Egdon Resources react to Government's decision to reject plans for commercial drilling

By Scunthorpe Telegraph | Posted: 12 Jan 2018

Egdon Resources have said they will "review options available to them" after the Government turned down their proposals to drill for oil in North Lincolnshire.

The firm had two applications to retain an oil well at Lodge Farm, north of Wressle, turned down by planners at North Lincolnshire Council.

Now, managing director of Egdon, Mark Abbott, has said he is disappointed with the Planning Inspectorate's decision.

“The decision of the Planning Inspectorate is clearly highly disappointing given the strong case presented at the inquiry, the previous positive recommendations of North Lincolnshire Council’s Planning Officer in respect of the applications and the issue of an Environmental Permit for the proposed development which was determined after an extensive and thorough review of our proposals," he said.

The oil well based at Wressle, North Lincolnshire.

"The Planning Inspectorate’s decision to uphold our appeal for the extension of the original Wressle exploration well planning consent gives us some time to consider our next steps."

Mr Webb added that the firm would give an update on their next steps in the coming days.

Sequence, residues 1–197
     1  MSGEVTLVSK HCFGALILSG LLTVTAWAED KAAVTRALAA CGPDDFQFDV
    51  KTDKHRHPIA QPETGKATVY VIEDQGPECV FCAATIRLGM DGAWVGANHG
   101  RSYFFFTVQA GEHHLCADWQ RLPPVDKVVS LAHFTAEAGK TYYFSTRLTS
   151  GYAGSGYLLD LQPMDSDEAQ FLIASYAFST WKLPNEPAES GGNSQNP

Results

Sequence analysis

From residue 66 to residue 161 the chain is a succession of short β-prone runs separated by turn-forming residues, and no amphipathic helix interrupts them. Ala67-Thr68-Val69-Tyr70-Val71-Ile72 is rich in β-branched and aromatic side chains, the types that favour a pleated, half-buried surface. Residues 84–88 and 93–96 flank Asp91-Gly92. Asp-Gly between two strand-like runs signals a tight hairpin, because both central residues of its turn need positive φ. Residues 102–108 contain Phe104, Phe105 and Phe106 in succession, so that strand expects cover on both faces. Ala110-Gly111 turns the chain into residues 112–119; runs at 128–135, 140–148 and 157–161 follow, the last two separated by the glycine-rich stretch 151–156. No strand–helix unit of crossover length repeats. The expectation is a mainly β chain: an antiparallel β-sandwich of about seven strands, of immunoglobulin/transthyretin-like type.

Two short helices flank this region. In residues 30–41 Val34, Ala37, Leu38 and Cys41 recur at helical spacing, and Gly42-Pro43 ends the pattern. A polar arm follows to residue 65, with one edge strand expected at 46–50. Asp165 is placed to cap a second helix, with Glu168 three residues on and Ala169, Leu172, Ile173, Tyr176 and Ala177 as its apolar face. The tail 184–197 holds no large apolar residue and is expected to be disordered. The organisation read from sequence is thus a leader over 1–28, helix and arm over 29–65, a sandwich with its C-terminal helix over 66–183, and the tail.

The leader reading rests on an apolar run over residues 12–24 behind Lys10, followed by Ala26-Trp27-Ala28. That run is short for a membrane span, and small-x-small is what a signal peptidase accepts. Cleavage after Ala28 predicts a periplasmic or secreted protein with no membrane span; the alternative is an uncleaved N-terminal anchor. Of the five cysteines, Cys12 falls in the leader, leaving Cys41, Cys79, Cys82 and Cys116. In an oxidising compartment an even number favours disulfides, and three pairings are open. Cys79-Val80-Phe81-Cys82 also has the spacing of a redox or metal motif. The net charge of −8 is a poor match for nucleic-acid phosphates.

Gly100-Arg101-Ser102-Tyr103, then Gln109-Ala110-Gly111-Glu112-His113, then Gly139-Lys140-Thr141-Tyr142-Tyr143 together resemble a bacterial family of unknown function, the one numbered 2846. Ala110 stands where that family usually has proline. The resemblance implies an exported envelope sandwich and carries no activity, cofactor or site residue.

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"We will now take the opportunity to consider in detail the reasons for the refusals as contained in the decision notice and review the options available to us.

"We will provide a further update in the next few days.”

The Government has granted permission for the firm to extend their retention of the Wressle oil well until April 2018.

Geraldine Clayton outside the Civic Centre ahead of planning meeting to vote on oil drilling in the Ancholme Valley near Wressle in July 2017. (Image: David Haber)

Geraldine Clayton, who campaigned against the applications alongside Frack Free Lincolnshire, has said she is "very pleased" with the decision.

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Mrs Clayton said: "There was a lot of detail at the planning enquiry and it came out that Egdon had not prepared the site well.

"Obviously we are very pleased with the result."

In his report explaining the decisions, Keri Williams said it had not been shown that "unacceptable adverse impacts to groundwater resources and water courses" would not come from the development.

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